5.3.45/2683 blow vs] F1; blow us up F3

5.3.53/2692 to me] F; with me pope

5.3.82/2721 a way] F2; away F1 As … within ] This edition; not in F. But see J. W. Saunders, 'Vaulting the Rails', SSu 7 (1954), 70–1.

5.4.37/2764 ways] F4; way F1

5.4.70/2797 your] theobald (Thirlby); you F

5.4.75/2802 He's] F ('Has) Flourish] This edition (G.T.); not in F. The allusion to 'Trumpets' at Epi.4/2807 may be to this final exit.

Epi.0.1–Epi.1/2803.2–2804 Enter Epilogue | epilogue] This edition; The Epilogve. F

Epi.14/2817 Exit] This edition; not in F


10 agree] a gree

236 practise.] ⁓:

274 vnconsidred] vnconsidered

310 or] er

314 patience;] (possibly ⁓, )

488 Christendome] Ch istendome

507 Priuilegio] Pruiilegio

571 Gentlemen] Gntlemen

623 and] aud

678 could not] couldnot

698 one.] ⁓,

973 Processe‸ ] ⁓.

1097 inclin'd.] ⁓?

1158 wrong.] ⁓‸

1177 cunning] eunning

1177 humble-mouth'd:] ⁓‸

1219 which] whi h

1273 feele] (possibly feele)

1299 World.] ⁓‸

1312 working.] (possibly ⁓: )

1360 should] shoul

1397 afflictions] afflictions

1409 Iudge,] ⁓.

1584 Pembroke] Penbroke

1651 kept] (possibly kcpt)

1676 contrary] (possibly contrarv)

1727 Words] words

1781 to'th'Pope] (possibly to'th‸Pope )

1838 of] oſ

2086 sorely] ſorcly

2099 Repentance] (possibly Repentanee)

2239 You] Vou

2264 Labor,] ⁓‸

2345 greeuous,] (possibly ⁓. )

2432 Buts,] ⁓.

2433 Physitian. As] ⁓, as

2502 your‸ ] (possibly ⁓, )

2532 faulty] faultly

2560 'Tis] 'Ts

2709 friends] ftiends

2769 selfe,] ⁓.

2807 Trumpets] Tumpets

2811 heare,] ⁓.

FOLIO STAGE DIRECTIONS–3/32.1–3 Enter the Duke of Norfolke at one doore. At the other, | the Duke of Buckingham, and the Lord | Aburgauenny.–5/146.1–5 Enter Cardinall Wolsey, the Purse borne before him, certaine | of the Guard, and two Secretaries with Papers: The | Cardinall in his passage, fixeth his eye on Buck-|ham, and Buckingham on him, | both full of disdaine.

1.1.119/151.1 Exeunt Cardinall, and his Traine.–2/229.1–2 Enter Brandon, a Sergeant at Armes before him, and | two or theee of the Guard. Exe.–6/259.4–8 Cornets. Enter King Henry, leaning on the Cardinals shoul-|der, the Nobles, and Sir Thomas Louell: the Cardinall | places himselfe vnder the Kings feete on | his right side.

1.2.9––4 A noyse within crying roome for the Queene, vsher'd by the | Duke of Norfolke. Enter the Queene, Norfolke and | Snffolke: she kneels. King riseth from his State, | takes her vp, kisses and placeth | her by him.

1.2.109/367 Exit Secret.

1.2.1091/367.1 Enter Surueyor.

1.2.215/473 Exeunt. Enter L. Chamberlaine and L. Sandys.

1.3.15/488 Enter Sir Thomas Louell. (after 'Louell', 1.3.16/499) Exeunt.–6/540.2–7 Hoboies. A small Table vnder a State for the Cardinall, a | longer Table for the Guests. Then Enter Arme Bullen, | and diuers other Ladies, & Gentlemen, as Guests | at one Doore; at an other Doore enter | Sir Henry Guilford.

1.4.7/547 Enter L. Chamberlaine L. Sands, and Louell.–2/575.1–2 Hoboyes. Enter Cardinall Wolsey, and takes his State.

1.4.50/590 Drum and Trumpet, Chambers dischargd. (after 1.4.49/589) Enter a Seruant. All rise, and Tables remou'd.–4/604.1–4 Hoboyes. Enter King and others as Maskers, habited like | Shepheards, vsher'd by the Lord Chamberlaine. They | passe directly before the Cardinall and gracefully sa-|Iute him.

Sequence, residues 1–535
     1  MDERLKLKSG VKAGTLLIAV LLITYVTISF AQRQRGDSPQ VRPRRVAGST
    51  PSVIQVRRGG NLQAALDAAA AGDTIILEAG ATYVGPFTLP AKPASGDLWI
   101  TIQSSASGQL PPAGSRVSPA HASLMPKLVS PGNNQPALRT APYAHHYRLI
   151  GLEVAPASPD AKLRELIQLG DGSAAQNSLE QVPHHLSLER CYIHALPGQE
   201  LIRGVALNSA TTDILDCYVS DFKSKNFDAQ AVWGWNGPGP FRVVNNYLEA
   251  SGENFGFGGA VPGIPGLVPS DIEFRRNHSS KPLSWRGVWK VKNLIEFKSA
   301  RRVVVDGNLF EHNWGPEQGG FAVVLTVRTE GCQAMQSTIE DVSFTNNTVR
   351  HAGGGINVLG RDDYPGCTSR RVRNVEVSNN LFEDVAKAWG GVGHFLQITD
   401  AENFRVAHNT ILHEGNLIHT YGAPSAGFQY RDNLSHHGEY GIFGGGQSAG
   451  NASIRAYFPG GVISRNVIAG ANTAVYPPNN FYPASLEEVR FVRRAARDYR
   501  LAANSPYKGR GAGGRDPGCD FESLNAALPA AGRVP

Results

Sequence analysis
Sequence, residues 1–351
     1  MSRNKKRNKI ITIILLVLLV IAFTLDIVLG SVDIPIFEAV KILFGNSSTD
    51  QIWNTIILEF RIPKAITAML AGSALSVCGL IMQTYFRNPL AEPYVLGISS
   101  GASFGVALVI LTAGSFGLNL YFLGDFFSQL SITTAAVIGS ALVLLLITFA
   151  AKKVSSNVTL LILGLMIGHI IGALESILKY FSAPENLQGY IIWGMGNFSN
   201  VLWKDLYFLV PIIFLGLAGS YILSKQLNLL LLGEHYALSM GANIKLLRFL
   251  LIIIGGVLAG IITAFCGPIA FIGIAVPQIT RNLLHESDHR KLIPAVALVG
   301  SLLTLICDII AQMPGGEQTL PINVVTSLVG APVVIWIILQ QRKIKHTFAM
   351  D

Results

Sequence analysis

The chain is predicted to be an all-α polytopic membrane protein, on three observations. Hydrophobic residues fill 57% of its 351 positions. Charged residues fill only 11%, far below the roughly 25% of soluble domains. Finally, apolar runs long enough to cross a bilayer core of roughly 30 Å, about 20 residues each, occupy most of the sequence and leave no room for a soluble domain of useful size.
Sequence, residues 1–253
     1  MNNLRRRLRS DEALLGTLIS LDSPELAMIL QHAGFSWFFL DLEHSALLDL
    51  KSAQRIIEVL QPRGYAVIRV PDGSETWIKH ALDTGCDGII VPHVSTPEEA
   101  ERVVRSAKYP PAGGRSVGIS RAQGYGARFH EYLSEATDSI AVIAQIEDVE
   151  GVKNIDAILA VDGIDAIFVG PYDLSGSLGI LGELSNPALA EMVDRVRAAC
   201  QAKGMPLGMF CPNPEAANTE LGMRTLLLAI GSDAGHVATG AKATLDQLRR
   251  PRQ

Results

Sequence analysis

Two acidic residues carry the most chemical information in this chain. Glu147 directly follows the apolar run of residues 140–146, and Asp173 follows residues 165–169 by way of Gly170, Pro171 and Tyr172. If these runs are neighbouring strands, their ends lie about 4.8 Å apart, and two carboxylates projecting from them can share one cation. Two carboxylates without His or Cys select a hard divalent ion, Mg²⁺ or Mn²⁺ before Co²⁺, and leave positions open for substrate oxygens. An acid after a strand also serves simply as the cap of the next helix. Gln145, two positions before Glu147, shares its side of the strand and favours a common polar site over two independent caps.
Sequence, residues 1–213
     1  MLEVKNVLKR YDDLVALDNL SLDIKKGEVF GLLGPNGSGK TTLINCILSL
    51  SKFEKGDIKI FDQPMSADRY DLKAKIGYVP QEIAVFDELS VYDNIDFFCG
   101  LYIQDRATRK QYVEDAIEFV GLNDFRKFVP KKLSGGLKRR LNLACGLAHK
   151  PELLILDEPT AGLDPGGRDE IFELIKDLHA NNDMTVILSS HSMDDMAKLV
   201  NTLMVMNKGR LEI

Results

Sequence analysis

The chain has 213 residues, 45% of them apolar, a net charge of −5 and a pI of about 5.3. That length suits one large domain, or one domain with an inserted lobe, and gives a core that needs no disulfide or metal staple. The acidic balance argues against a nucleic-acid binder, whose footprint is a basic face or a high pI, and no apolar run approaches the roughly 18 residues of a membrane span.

pg 623–2/615–1 Choose Ladies, King and An Bullen. Musicke, Dance. Whisper. (after 'it') Exeunt with Trumpets. Enter two Gentlemen at seuerall Doores.

2.1.54/706 Enter Buckingham from his Arraignment, Tipstaues before | him, the Axe with the edge towards him, Halberds on each | side, accompanied with Sir Thomas Louell, Sir Nicholas | Vaux, Sir Walter Sands, and common people, &c. Exeunt Duke and Traine.

2.1.169/821 Exeunt.–2.2.1/821.1–822 Enter Lord Chamberlaine, reading this Letter.–2/831.1–2 Enter to the Lord Chamberlaine, the Dukes of Nor-|folke and Suffolke.–3/882.1–3 Exit Lord Chamberlaine, and the King drawes the Curtaine | and sits reading pensiuely.–2/893.1–2 Enter Wolsey and Campeius with a Commission. Exeunt Norfolke and Suffolke. Enter Gardiner. Walkes and whispers.

2.2.137/957.1 Exit Gardiner.

2.2.144/964 Exeunt. Enter Anne Bullen, and an old Lady. Enter Lord Chamberlaine.

2.3.81/1045 Exit Lord Chamberlaine. (after 2.3.80/1044) Exeunt.–22/1072.2–23 Trumpets, Sennet, and Cornets. | Enter two Vergers, with short siluer wands; next them two | Scribes in the habite of Doctors; after them, the Bishop of | Canterbury alone; after him, the Bishops of Lincolne, Ely, | Rochester, and S. Asaph: Next them, with some small | distance, followes a Gentleman bearing the Purse, with the | great Seale, and a Cardinals Hat: Then two Priests, bea-|ring each a Siluer Crosse: Then a Gentleman Vsher bare-|headed, accompanyed with a Sergeant at Armes, bearing a | Siluer Mace: Then two Gentlemen bearing two great | Siluer Pillers: After them, side by side, the two Cardinals, | two Noblemen, with the Sword and Mace. The King takes | place vnder the Cloth of State. The two Cardinalls sit | under him as ludges. The Queene takes place some di-|stance from the King. The Bishops place themselues on | each side the Court in manner of a Consistory: Below them | the Scribes. The Lords sit next the Bishops. The rest of the | Attendants stand in conuenient order about the Stage.–3/1082.1–3 The Queene makes no answer, rises out of her Chaire,| goes about the Court, comes to the King, and kneeles at | his Feete. Then speakes.

2.4.119/1191 She Curtsies to the King, and offers to depart.

2.4.130/1202 Exit Queene, and her Attendants.

2.4.238/1310 Exeunt, in manner as they enter'd. Enter Queene and her Women as at worke.